Brazil is a rare gem, a rising power that has put itself on the path of energy independence thanks to a combination of forward-looking energy policies and newly discovered oil reserves. But what does this actually mean for Brazilian foreign policy?
Energy security is one of those rare issues that most people in the world can agree on. Energy security is the fear of cold winters that sets a place for Russia at Europe’s dinner table. It is the compulsion that might have cost the United States its global pre-eminence, and the exception that so often renders moralistic views of international relations indefensible. To most countries around the world, energy security is everything: economics, defence, and regime survival wrapped into one.
Thus, Brazil presents an interesting case as a rising power on the road to energy independence. Broadly speaking, Brasilia is able to adopt a foreign policy that is more flexible than some of its counterparts, particularly BRIC countries like China and India. There are two particular areas where this flexibility has been manifest of late: Brazil’s policy towards Iran and the complexion of its defence spending.
Brazil’s position on the Iran nuclear saga seems to have shifted recently. It wasn’t long ago that former President Lula da Silva was embarking on ambitious initiatives aimed at brokering deals to pull Iran out of the noose of international sanctions. This process involved a good deal of stonewalling Washington, and Brazil’s relations with the United States suffered as a result. Enter new Brazilian President Dilma Rousseff and suddenly Brazil’s statements on Iran have been dipped in the language of human rights. Brazil even voted to appoint a UN special investigator to look into Iran’s human rights record last week, the first anti-Iran vote from Brazil in over a decade.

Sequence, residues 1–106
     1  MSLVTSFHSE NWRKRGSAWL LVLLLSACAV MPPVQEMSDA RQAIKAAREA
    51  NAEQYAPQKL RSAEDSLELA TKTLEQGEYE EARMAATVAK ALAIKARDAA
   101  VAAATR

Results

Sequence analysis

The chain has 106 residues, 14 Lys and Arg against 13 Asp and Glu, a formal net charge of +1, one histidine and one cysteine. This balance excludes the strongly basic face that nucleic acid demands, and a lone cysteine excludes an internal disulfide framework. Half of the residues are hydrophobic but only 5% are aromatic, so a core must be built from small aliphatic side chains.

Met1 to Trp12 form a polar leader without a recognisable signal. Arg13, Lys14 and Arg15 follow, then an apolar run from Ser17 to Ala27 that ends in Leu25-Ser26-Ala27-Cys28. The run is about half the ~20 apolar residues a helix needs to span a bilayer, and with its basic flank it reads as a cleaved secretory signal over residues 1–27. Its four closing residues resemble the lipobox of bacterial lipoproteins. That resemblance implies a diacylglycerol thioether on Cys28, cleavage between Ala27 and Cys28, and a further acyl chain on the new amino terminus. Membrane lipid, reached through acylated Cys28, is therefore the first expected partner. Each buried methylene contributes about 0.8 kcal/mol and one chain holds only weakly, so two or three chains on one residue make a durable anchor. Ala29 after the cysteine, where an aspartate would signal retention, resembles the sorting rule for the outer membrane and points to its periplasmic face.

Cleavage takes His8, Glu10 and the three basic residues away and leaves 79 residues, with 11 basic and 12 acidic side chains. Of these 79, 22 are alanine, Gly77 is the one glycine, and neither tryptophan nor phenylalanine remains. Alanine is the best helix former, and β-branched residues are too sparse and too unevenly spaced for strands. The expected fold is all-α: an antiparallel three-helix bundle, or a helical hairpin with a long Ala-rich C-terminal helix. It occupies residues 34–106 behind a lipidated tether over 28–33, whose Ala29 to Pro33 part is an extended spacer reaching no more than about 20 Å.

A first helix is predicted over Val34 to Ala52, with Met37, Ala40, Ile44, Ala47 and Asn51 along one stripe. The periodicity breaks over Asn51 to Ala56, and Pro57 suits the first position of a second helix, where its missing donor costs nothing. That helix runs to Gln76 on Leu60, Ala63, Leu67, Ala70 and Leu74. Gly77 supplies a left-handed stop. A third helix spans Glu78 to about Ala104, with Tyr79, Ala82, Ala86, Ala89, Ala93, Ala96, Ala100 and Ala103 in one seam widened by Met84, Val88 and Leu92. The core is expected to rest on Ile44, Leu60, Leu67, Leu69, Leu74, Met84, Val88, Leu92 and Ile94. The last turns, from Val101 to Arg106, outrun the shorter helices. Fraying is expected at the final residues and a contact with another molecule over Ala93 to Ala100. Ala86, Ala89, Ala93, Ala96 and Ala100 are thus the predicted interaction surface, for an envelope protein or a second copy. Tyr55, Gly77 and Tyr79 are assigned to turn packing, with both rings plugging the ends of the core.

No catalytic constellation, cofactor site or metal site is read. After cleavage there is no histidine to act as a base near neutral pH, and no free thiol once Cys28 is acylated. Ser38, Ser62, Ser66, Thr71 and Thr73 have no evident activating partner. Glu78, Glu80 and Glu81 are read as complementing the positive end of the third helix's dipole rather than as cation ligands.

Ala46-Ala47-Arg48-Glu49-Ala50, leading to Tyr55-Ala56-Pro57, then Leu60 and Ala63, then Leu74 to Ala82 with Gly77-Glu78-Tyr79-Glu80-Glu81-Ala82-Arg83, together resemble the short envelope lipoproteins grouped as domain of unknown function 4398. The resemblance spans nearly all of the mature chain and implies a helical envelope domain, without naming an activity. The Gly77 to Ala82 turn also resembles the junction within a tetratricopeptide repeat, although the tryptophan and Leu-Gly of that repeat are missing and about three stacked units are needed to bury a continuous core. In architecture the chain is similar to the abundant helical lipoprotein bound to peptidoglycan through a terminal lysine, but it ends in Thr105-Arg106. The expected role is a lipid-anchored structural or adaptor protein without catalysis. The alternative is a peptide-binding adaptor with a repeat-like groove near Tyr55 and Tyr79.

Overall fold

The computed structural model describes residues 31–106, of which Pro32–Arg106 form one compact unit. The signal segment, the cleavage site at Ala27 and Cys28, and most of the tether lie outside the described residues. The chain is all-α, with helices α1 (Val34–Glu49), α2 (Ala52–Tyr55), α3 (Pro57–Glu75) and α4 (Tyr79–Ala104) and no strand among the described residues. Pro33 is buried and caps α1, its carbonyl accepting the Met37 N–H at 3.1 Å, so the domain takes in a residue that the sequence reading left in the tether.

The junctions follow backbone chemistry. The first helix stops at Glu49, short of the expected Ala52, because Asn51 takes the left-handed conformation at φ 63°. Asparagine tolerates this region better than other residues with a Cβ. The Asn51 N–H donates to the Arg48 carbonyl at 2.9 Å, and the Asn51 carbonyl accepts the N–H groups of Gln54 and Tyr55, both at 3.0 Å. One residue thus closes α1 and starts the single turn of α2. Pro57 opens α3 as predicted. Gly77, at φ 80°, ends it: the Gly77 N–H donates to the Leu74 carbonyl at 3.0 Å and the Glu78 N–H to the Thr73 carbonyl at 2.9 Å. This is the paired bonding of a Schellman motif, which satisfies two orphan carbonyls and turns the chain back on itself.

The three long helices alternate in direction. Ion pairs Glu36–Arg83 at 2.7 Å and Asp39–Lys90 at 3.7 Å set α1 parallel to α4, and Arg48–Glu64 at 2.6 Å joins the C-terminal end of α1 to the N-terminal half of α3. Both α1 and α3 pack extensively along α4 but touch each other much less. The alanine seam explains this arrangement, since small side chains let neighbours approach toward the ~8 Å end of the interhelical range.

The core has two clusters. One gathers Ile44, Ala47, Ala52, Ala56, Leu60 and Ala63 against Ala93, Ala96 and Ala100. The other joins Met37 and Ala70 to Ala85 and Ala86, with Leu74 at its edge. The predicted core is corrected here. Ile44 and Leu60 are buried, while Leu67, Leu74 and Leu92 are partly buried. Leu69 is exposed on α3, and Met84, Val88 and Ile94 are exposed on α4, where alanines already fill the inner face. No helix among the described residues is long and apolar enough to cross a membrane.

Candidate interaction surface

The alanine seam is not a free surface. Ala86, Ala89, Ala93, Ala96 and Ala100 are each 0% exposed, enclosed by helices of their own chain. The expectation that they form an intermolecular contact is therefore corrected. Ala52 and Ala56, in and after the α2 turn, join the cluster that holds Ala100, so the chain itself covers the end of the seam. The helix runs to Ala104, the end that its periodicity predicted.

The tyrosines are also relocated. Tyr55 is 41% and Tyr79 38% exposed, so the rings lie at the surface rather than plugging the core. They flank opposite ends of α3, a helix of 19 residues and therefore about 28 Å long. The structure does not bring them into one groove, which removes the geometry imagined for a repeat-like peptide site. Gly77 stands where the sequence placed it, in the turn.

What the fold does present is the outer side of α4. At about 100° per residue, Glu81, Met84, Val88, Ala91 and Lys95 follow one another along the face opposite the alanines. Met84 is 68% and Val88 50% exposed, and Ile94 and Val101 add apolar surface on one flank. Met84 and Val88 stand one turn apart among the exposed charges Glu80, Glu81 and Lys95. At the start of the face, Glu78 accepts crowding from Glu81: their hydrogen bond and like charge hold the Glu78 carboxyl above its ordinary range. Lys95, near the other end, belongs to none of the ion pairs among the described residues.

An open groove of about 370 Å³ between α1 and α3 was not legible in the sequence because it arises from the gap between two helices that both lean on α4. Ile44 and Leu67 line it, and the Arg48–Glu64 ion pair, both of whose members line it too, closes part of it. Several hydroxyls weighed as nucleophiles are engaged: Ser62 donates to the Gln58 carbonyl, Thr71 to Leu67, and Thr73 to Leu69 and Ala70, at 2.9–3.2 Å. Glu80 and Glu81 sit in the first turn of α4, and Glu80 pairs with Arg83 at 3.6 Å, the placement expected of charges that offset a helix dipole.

The question of what is driving this Iran policy change and how far it will go are both open to speculation. It may stem from the fact that President Rousseff is seeking to repair some of the damage done to US-Brazilian relations by her predecessor. It’s also possible that she has a developed deep ideological commitment to human rights that will continue to manifest itself in her government’s foreign policy.
What isn’t open to speculation however, is the fact that Brazil’s flexibility stems from it not being beholden to Iran over energy exports. The same cannot be said for fellow BRIC countries China and India, two states that are strategically bound to Tehran regardless of resulting diplomatic or economic damage.
This flexibility assumes greater importance when viewed in the context of the global trend towards multipolarity. This kind of international environment will provide ample opportunities for Brazil to form triangular relationships with other major powers in order to achieve its ends. Since these triangular relationships won’t be framed by energy considerations, Brazil will be free to swoop in and make gains where other energy-beholden rising powers cannot. Iran is illustrative of this point- Brazil seems to have hung on only until it was no longer in its interest to do so.
Defence spending is also influenced by energy independence. Brazil does not have any credible threats in its region and its defence budget has consequently maintained relatively low spending levels. In 2005, Brazil spent only $9.94 billion on defence. By 2010, the number had risen to $33.5 billion, or 1.6 percent of the country’s GDP, and it will rise again in 2012 to a projected $34.9 billion.
These increases are not only relatively smaller vis-à-vis other BRIC countries, they’re also based on vastly different operational requirements. Brazil’s military modernization seeks to achieve the following: better responses to domestic natural disasters, ‘pacifying’ favelas in major urban centres ahead of the Olympics and World Cup, and perhaps garnering the international prestige commensurate with a future permanent member of the UN Security Council. This inward-looking spending strikes a stark contrast to China’s efforts to establish a force projection capacity, which is soon-to-be complete with an aircraft carrier. Likewise, they diverge from India’s money-pit quest for a ‘blue sea’ navy. The rationale that’s driving other BRIC countries to push their military capabilities outwards is simple: they are strategically vulnerable in regards to international energy supply lines, thus they need a military that can be projected far and wide.
Brazil learned an important lesson from the oil crises of the 1970s, and as a result it built up a domestic renewable energy industry that has now given its foreign policy a free hand. Of course, whether or not Brazil capitalizes on this hard-won flexibility is a question left to the Ministry of External Relations in Brasilia.
By. Zachary Fillingham